Graihagh - What's your work revealed?
Stephen - We discovered actually that so much of the GRX network equipments - so the servers and different systems - were fully out of date, misconfigured, missing patches. And so, with easily available hacking tools you could reach it and exploit those systems and then subsequently, you could capture this information.
Graihagh - What sort of information are we talking about? I know we say we've of logged into Facebook, but does it really matter that they've seen a few friends and I've written that I like that person's photo on Facebook?
Rob - I think there's more data carried across. It's not only your content, but also your credentials. So, you're using your passwords. You could access all these kinds of information on this network.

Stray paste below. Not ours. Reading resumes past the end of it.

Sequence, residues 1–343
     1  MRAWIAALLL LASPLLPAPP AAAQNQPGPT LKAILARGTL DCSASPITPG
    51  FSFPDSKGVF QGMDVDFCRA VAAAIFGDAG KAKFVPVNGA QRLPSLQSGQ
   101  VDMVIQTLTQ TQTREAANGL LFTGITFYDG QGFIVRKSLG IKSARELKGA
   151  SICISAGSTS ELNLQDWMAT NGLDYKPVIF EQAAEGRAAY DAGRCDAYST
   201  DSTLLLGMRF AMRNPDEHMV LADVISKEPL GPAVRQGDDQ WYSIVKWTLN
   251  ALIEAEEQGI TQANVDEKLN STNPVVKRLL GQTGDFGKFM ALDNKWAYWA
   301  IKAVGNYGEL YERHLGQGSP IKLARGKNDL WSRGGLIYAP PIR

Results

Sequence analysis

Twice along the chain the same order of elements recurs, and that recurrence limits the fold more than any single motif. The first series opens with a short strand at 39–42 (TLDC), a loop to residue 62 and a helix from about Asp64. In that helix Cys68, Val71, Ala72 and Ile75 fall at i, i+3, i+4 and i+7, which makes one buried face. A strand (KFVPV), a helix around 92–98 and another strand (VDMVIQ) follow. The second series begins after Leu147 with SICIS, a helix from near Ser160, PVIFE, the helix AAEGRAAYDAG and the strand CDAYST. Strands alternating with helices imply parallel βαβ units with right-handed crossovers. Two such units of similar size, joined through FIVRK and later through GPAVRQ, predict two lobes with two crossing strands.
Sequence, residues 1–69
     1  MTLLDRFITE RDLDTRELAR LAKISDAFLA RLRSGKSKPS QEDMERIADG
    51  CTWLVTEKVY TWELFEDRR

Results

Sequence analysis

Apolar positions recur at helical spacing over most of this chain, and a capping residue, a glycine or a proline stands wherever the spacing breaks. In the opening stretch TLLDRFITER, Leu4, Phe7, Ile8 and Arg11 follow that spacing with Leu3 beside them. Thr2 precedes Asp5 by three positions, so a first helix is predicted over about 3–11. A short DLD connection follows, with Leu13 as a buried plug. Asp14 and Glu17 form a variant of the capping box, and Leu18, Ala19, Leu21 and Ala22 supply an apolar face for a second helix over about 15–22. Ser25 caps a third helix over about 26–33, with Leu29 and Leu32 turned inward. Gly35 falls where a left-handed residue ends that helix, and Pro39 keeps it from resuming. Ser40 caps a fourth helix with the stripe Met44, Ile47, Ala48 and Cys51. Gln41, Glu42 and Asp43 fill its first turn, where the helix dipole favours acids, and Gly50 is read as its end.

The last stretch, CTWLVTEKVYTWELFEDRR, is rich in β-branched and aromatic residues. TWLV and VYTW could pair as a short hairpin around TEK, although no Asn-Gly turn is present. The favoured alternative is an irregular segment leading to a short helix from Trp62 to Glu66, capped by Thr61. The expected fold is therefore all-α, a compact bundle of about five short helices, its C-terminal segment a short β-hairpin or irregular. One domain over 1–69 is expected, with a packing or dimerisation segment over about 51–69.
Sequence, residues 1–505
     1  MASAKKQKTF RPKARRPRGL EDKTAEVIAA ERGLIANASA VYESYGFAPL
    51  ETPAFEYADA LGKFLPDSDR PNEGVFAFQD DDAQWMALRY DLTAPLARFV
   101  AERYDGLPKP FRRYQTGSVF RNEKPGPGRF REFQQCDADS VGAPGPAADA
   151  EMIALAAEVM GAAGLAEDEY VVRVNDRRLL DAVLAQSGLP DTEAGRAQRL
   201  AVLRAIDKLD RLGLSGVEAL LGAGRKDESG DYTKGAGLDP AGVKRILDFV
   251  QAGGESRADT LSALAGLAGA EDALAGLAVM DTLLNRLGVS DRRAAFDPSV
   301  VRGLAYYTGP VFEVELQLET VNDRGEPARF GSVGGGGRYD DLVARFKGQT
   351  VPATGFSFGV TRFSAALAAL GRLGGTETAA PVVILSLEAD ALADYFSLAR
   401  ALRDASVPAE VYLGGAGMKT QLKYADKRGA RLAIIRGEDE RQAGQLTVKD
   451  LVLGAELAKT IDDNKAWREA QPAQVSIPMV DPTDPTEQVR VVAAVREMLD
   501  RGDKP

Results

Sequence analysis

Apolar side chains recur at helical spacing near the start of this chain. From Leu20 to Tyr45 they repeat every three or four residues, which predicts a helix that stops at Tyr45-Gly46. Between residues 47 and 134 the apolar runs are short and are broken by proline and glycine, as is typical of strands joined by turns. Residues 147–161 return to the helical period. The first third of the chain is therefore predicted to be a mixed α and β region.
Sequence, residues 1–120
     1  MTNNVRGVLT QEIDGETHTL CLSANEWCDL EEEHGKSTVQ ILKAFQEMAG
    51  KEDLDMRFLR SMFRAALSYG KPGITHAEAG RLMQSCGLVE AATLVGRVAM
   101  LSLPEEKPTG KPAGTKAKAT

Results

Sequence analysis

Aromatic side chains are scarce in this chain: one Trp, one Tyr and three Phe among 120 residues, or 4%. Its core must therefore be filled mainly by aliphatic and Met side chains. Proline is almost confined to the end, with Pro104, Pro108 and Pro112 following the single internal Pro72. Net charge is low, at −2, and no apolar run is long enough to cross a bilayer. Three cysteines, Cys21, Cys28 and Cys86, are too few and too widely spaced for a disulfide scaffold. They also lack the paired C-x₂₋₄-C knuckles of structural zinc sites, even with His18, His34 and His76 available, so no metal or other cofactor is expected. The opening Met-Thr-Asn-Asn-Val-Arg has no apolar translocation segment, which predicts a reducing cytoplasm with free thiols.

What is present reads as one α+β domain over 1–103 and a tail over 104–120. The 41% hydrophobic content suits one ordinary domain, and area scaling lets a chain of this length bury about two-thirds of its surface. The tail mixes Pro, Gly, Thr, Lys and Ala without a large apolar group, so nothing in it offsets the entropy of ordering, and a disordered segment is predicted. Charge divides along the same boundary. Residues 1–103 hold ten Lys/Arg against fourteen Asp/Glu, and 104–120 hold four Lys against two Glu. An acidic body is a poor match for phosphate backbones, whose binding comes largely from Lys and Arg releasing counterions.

Stephen - On top of that, GTP which is the protocol information, that has your location details. It also reveals what sort of equipment you're using. So, if you're on an iPhone 5S or a Samsung S5, that sort of information is available which means that you can have a really targeted exploit against you if you were the person of interest.
Graihagh - So, it's not just generic sweeping data. It's actually data that's very, very personal to you. Surely, that's illegal. Surely, that shouldn't be allowed to happen.
Stephen - Well, that's very difficult to say because we don't actually know what kind of legislation or what kind of freedom these intelligence services have. But you can, if you want to, protect yourself by using a VPN solution. So, there are quite a few numbers of applications which you can install on your phone which encrypts your information from your phone towards a server. So, you have additional security measures there. It's more difficult for them to extract the information out of that traffic flow. That's the kind of protection you can take care of yourself.